The Five Ways Users Organize Their Apps And What App Designers Can Learn From This

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A new report from German researchers reveals the five main ways people are organizing the applications on their smartphones. Despite the somewhat esoteric focus of a study like this, the resulting analysis has a broader impact on our digital lives. The content found in mobile app stores is growing at an exponential rate. There are over 800,000 iOS applications, just under that on Android, and app downloads are nearing the point where they’re double that of songs. Songs!

And yet, even though we’re heading into a world where we’ll soon have over a million applications at our fingertips, the methods for discovering applications, downloading them to our devices, and managing them once there, are holdovers from the desktop era. The desktop era which, mind you, is now over. According to the latest numbers from the major analyst firms tracking PC market share, if you start counting tablets as computers – as some are – then the desktop days are done. For now, Apple is winning that battle, and has been crowned the leading “PC” maker if you want to call an iPad a personal computer. This is what “post-PC” looks like.

Smartphones are PCs, too – they’re just little ones. That makes managing the applications that grace our homescreens and app trays even more important. We don’t have the room to spread out anymore. We can’t fit as many apps on a screen. We have to make sense of diverse collections, where unrelated items – maps and games and social tools and communicators – lie side-by-side.

Because I find this shift to mobile interesting – and because I have now accidentally downloaded over 600 mobile applications (yes, many of which are for “testing” purposes) – I’m fascinated by this new research which surfaces the many ways in which users are arranging the apps on their smartphones.

The researchers, Mattias Böhmer and Antonio Krüger from the German Research Center for Artificial Intelligence, will present their findings at the ACM SIGCHI Conference on Human Factors in Computing Systems, in May 2013 in Paris. The two analyzed over 1,400 screens from over 130 users, both on iPhone and Android devices, and asked the study’s participants to answer a range of  questions related to their behavior.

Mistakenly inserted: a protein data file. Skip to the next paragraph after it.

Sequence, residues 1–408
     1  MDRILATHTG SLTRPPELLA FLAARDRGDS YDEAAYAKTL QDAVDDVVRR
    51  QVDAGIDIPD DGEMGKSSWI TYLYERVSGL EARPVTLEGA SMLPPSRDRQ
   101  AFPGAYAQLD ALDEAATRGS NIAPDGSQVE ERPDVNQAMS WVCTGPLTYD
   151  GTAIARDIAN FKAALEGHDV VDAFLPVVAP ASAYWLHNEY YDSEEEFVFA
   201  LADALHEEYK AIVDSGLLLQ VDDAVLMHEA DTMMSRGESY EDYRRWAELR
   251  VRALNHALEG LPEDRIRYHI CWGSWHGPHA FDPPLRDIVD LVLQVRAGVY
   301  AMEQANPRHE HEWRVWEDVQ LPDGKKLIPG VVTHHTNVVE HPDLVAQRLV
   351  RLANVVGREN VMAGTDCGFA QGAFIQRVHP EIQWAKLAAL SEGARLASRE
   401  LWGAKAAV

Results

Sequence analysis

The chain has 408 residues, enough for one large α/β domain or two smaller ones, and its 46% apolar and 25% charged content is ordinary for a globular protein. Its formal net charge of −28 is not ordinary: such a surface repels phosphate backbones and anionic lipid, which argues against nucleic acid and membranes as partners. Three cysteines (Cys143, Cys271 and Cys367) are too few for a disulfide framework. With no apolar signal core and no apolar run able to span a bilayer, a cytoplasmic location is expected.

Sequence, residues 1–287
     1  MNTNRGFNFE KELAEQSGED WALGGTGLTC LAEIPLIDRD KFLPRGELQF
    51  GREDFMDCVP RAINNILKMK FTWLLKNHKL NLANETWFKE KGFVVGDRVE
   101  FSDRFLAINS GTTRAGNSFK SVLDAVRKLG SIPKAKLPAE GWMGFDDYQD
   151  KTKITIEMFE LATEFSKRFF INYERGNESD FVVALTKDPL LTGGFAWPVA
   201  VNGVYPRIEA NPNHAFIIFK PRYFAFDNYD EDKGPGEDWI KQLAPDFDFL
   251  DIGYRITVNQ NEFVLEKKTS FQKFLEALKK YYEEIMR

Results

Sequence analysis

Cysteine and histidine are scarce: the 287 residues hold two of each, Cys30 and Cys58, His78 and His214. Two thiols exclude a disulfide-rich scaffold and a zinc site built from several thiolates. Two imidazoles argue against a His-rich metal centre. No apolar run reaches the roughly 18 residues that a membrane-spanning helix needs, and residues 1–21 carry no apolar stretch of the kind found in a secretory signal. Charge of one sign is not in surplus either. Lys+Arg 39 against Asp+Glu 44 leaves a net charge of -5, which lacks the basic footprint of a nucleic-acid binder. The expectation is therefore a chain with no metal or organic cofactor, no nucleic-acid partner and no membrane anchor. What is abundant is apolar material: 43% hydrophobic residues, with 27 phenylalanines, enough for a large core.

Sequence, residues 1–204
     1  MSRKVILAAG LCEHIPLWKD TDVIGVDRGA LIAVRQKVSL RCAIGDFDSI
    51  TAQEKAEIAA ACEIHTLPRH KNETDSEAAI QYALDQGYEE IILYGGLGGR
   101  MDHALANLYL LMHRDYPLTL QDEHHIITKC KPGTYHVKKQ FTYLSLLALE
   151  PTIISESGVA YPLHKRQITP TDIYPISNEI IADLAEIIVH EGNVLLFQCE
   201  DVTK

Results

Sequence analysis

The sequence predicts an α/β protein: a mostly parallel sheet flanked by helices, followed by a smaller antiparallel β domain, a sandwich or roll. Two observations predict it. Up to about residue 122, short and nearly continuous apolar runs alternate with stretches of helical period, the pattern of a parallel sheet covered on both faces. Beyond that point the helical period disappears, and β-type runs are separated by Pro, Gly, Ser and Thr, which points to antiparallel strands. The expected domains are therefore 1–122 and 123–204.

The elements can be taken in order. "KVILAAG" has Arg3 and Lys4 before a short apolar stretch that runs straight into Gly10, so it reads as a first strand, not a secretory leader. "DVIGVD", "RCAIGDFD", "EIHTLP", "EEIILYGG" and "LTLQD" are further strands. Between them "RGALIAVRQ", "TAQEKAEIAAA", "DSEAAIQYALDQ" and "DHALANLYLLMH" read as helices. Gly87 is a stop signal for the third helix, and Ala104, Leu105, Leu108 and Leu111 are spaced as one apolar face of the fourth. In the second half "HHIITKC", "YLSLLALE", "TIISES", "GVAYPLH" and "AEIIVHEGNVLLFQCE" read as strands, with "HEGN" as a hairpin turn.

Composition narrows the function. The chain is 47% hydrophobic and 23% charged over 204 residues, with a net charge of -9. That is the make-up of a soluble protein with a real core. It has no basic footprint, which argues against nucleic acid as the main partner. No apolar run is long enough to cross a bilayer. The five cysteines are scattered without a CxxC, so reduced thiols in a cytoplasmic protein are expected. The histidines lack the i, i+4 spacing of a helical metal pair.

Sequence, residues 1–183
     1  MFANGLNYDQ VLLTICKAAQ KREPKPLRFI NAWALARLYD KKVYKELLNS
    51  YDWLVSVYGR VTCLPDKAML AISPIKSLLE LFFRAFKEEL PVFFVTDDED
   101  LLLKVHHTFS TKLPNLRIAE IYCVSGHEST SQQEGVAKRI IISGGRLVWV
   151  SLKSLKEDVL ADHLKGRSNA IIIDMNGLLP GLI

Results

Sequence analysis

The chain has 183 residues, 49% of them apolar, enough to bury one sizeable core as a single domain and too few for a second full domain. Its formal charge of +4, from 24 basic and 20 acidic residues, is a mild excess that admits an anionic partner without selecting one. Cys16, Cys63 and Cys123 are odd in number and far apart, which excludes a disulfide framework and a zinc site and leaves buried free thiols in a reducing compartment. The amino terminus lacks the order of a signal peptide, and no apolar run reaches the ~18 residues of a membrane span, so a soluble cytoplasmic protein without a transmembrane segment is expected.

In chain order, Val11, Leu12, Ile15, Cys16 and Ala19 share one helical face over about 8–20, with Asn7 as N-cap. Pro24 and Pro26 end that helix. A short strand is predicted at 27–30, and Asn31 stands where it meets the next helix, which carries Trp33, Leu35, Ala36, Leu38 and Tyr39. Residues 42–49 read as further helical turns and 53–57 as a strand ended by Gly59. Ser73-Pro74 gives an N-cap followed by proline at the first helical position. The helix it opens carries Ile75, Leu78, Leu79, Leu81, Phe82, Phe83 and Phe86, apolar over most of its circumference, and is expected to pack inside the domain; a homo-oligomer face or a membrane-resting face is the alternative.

From the data collected, the team found that there were five high-level concepts which people have adopted for organizing the apps on their phones. And they are:

  • Usage-based icon arrangement: This group organizes app icons based on the frequency of the app’s use. 
  • Relatedness-based icon arrangement: This group (which I find myself in, incidentally) organizes apps into cluster based on functionality. If you have a screen of photo apps, for example, this would be you.
  • Usability-based icon arrangement: Some people organize their apps so they can reach the ones they need most often with their thumb, without having to swipe too much or accidentally click on other icons.
  • Aesthetic-based icon arrangement: These people organize icons in ways that are pleasing to them. For example, they might keep their first screen sparse in order to see the background image of their girlfriend, or they organize icons by color or patterns.
  • External concepts for icon arrangement: Others report using systems imposed on them by external forces. For instance, their icons are arranged by order of download, or they keep the icons in the default arrangement pattern suggested by the hardware maker. One user organized his icons alphabetically.